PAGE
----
Alberto Giacometti was born in Borgnovo, Switzerland on October 10, 1901. The eldest of four children, Giacometti was raised in an artistic atmosphere. His father was an Impressionist painter and his brother Diego was a future sculptor and furniture designer. From 1919-1920, he studied painting at the Ecole des Beaux-Arts and Sculpture, in addition to drawing and sculpture at the Ecole des Arts et Métiers in Geneva. Giacometti settled in Paris in 1922 where he also studied at the Ecole de la Grande Chaumiere under Bourdelle. Together with Diego, he opened an atelier in 1925, and two years later he exhibited his sculpture for the first time at the Salon des Tuleries in Paris.
Giacometti met André Masson in 1928, and it was through him that Giacometti was introduced into the Surrealist circle. This initiation was further cemented by a contract that he signed with Pierre Loeb, the preeminent dealer of the Surrealists. Giacometti spent approximately four years with Surrealists, a period that included his first solo show at the Galerie Pierre Colle in Paris (1932) and his first American solo show at the Julian Levy Gallery, New York (1934.)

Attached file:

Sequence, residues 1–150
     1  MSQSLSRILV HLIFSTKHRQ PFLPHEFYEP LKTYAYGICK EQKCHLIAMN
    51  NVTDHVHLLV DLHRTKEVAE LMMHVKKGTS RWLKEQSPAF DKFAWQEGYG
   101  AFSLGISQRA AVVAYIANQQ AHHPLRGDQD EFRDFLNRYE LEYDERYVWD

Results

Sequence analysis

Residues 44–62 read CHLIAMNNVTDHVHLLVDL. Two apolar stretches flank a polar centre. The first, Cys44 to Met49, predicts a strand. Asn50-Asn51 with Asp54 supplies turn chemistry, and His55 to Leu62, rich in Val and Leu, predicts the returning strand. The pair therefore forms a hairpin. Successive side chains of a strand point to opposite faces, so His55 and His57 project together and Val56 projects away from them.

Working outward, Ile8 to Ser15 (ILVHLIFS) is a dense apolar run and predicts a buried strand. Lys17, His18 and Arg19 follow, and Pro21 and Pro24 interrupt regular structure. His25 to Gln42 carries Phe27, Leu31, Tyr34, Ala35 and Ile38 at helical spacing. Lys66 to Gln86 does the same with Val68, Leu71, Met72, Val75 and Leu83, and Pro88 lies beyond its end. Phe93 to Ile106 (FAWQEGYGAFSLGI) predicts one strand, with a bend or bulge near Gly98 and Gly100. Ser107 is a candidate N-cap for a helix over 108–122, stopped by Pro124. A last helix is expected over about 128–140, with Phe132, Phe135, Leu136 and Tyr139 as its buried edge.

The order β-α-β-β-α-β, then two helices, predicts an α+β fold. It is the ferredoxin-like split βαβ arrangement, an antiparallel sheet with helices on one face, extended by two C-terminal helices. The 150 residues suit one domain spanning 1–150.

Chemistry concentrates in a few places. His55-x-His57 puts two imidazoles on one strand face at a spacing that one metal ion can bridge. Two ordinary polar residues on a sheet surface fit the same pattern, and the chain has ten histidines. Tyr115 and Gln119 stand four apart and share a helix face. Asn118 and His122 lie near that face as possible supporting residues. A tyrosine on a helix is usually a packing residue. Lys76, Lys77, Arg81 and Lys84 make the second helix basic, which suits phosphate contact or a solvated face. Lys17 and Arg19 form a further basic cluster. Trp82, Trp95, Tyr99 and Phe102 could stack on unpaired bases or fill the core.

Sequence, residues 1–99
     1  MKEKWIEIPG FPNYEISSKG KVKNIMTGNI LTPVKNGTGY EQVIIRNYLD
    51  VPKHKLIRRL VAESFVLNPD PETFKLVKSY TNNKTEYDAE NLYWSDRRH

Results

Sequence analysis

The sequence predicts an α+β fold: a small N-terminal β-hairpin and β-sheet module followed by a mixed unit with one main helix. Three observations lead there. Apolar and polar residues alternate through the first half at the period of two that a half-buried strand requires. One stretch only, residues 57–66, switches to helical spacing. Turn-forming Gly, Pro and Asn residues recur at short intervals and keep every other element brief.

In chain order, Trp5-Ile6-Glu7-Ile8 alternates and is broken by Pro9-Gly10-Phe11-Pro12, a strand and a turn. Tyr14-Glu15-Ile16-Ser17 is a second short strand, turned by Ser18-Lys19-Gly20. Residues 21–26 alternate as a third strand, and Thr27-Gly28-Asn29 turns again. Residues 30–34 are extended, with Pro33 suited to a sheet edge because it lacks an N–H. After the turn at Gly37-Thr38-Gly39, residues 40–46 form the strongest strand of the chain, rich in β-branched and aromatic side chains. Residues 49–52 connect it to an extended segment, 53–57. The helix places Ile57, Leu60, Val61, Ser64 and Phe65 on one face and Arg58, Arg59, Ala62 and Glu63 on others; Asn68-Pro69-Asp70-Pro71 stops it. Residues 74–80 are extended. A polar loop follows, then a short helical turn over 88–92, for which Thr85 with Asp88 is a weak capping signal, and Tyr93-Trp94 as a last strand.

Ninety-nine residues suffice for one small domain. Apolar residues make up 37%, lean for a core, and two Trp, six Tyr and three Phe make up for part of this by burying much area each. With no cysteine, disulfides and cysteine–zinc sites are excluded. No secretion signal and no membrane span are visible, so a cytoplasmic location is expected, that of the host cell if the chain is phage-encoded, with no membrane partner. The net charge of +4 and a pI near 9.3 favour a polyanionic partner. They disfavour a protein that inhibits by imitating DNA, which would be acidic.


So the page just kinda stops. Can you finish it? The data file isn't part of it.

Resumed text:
The forties found Giacometti involved in a different movement, this time that of the existentialists; this association was founded upon close friendships with Simone de Beauvoir and Jean Paul Sartre. Sartre wrote the preface for the catalogue of the 1948 Giacometti show at the Pierre Matisse Gallery, thereby publicly linking Giacometti to the existentialist movement.
Many awards and distinctions filled the later part of Giacometti’s life. In 1955, he was honored with retrospectives at the Arts Council Gallery in London and the Solomon R. Guggenheim Museum in New York. He won the grand prize for sculpture at the 1962 Venice Biennale. Three years later he received the Grand Prix National des Arts from the French Government. Giacometti died on January 11, 1966. He was 64.